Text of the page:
Election warm-up could open way to Mexico's first woman president
Contenders are warming up for the race to succeed Mexican President Andres Manuel Lopez Obrador, with Mexico City Mayor Claudia Sheinbaum in the running to become the country's first woman head of state.
The presidential election is not until July 2024, and officially the campaign has not yet started.
But a war of "likes" is already under way on social media between Sheinbaum -- a scientist by training and close ally of Lopez Obrador -- and Foreign Minister Marcelo Ebrard.
Both hope to be the presidential candidate of the ruling Morena party, which holds its annual congress this weekend.
"A woman can be an astronaut, a lawyer, a policewoman, deputy governor, and president of the republic," Sheinbaum said during a recent trip outside the capital to greet supporters.
Party members will decide the Morena candidate in 2023, and opinion polls suggest their pick will be the favorite to govern for six more years.
In the meantime, anyone can ask Ebrard, 62, questions on WhatsApp after he published a contact number, or watch TikTok videos in which he declares himself a fan of K-pop superstars BTS.
People can also watch Sheinbaum, 60, on TikTok playing with a yo-yo or confessing with a laugh to having been the talker of the school classroom, in contrast to her serious adult image.
An opinion poll published in late August by the firm Enkoll found that 35 percent of respondents would favor Sheinbaum to be Morena's presidential candidate, against 26 percent for Ebrard.
And 82 percent said they would vote for a woman president, which would mark a sea change for a country with a longstanding culture of machismo.
But another survey, released September 6 by Poligrama, showed Sheinbaum and Ebrard almost neck and neck.
- A Lopez Obrador 'stalwart' -
While Lopez Obrador has said that he will back whoever wins, he often shows support for Sheinbaum, whom he describes as "incorruptible" and a person of "convictions."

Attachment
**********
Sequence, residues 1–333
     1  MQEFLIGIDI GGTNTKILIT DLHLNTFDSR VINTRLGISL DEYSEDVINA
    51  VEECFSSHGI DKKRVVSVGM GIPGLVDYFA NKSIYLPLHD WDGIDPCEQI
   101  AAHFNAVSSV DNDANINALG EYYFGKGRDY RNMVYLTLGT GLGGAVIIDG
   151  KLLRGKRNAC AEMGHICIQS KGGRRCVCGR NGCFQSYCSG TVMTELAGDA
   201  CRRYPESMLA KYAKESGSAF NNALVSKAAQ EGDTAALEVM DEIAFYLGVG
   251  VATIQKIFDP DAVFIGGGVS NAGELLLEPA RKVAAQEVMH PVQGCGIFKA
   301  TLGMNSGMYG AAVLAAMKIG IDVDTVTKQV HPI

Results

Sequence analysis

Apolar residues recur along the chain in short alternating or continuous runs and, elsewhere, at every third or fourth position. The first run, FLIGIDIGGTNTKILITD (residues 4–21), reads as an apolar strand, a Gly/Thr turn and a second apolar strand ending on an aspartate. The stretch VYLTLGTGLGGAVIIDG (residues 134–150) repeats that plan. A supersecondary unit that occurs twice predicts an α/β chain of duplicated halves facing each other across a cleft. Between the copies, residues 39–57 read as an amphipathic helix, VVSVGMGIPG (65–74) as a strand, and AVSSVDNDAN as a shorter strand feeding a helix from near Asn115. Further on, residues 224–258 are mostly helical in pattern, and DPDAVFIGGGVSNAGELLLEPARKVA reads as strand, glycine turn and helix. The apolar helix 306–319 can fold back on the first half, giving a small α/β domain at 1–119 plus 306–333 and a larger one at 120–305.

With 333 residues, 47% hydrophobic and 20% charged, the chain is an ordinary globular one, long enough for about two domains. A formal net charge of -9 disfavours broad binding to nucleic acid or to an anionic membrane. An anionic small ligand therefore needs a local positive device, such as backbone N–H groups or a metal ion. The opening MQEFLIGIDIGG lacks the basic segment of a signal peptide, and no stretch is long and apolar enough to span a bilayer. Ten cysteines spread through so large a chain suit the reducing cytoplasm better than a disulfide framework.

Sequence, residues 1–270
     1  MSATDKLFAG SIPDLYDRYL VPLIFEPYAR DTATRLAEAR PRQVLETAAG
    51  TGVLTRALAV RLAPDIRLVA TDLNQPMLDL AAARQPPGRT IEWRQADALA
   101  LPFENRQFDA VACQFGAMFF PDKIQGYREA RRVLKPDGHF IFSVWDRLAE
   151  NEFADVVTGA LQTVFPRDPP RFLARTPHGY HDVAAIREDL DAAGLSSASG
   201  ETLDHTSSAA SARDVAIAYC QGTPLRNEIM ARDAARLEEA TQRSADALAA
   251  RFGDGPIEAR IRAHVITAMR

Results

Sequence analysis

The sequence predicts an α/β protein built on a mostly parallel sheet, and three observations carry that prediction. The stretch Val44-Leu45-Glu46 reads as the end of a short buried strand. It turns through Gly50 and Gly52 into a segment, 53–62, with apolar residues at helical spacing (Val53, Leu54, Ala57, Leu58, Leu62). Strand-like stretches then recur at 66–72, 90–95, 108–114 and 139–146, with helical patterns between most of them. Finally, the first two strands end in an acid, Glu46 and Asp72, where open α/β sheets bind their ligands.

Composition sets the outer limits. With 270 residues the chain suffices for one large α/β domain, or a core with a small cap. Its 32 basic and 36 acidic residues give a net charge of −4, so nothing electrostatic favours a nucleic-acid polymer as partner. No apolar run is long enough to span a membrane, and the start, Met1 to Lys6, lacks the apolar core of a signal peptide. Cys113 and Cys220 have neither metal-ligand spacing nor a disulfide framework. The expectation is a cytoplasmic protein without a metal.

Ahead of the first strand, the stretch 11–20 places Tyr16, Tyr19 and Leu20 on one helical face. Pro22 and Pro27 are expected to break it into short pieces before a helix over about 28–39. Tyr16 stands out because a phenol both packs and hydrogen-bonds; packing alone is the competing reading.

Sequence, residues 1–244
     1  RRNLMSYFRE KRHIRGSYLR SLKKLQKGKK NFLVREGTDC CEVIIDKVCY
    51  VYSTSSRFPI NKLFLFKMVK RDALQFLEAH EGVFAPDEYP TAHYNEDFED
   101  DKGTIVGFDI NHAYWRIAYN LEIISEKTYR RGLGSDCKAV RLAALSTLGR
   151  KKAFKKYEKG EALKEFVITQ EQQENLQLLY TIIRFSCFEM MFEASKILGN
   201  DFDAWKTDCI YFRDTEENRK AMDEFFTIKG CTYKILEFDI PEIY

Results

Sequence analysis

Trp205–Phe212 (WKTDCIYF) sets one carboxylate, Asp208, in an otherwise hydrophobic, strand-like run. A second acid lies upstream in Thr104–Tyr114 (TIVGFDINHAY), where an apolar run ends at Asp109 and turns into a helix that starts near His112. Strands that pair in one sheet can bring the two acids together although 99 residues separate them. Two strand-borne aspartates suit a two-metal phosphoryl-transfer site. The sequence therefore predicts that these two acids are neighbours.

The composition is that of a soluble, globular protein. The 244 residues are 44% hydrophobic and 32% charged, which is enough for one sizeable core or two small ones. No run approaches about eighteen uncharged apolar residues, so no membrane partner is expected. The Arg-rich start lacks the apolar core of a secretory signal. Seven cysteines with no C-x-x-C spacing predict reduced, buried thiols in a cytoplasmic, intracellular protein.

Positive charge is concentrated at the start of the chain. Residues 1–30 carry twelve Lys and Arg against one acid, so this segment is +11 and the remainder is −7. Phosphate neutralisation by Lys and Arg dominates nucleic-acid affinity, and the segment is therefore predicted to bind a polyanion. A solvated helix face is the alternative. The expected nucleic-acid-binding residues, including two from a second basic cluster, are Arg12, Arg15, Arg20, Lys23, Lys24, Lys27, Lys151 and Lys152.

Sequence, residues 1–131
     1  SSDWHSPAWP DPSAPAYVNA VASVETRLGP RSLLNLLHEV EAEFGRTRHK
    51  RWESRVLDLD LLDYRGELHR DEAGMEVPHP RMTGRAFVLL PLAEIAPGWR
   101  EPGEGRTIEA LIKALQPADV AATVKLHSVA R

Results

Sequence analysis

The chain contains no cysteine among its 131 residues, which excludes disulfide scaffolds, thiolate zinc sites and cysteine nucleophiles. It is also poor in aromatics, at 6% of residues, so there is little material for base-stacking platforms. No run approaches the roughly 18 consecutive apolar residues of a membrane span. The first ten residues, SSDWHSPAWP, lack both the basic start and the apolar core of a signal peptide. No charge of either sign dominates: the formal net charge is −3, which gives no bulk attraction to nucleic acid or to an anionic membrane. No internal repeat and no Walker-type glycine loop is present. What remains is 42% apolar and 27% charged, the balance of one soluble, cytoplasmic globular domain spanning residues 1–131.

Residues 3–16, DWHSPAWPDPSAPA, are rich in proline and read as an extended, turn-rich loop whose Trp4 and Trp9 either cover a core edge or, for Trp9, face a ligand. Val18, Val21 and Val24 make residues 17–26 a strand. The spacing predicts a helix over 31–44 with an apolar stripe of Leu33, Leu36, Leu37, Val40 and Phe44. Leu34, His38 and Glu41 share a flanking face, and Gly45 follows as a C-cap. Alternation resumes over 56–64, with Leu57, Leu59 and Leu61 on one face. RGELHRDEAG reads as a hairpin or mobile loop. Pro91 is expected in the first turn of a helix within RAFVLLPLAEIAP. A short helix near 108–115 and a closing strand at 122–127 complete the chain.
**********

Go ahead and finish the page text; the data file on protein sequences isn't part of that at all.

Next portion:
Ebrard, himself a former mayor of Mexico City, "knows how to govern and is efficient," but is not as close to Lopez Obrador as the president's "stalwart" confidante Sheinbaum, said analyst Pablo Majluf.
A weak opposition means the big winner of the early campaigning is Lopez Obrador -- with an approval rating of more than 60 percent -- since only his candidates are in the race so far, said political analyst Carlos Bravo Regidor.
Sheinbaum, who is of Lithuanian and Bulgarian descent, "feels very motivated to continue (Lopez Obrador's reform agenda) and be the first woman president in the history of Mexico," a source close to her told AFP.
Ebrard, who has French roots, is trying to raise his profile with domestic trips in addition to his international agenda, which includes attending Queen Elizabeth II's funeral in London on Monday.
In videos shared on social networks, Mexico's top diplomat is seen harvesting agave in a tequila plantation and performing traditional dances in Bolivia.
It is not Ebrard's first shot at the presidency.
He was defeated by Lopez Obrador in the internal Morena vote to be the party's candidate in the 2018 presidential elections.
The Mexican constitution limits presidents to a single six-year term and the incumbent has promised not to run again.
Some analysts believe Lopez Obrador will seek to assert his influence beyond 2024 to safeguard his reform agenda.
He will be better positioned to wield power from the sidelines "if he is followed by a weak president or a president who needs support," Bravo Regidor said.
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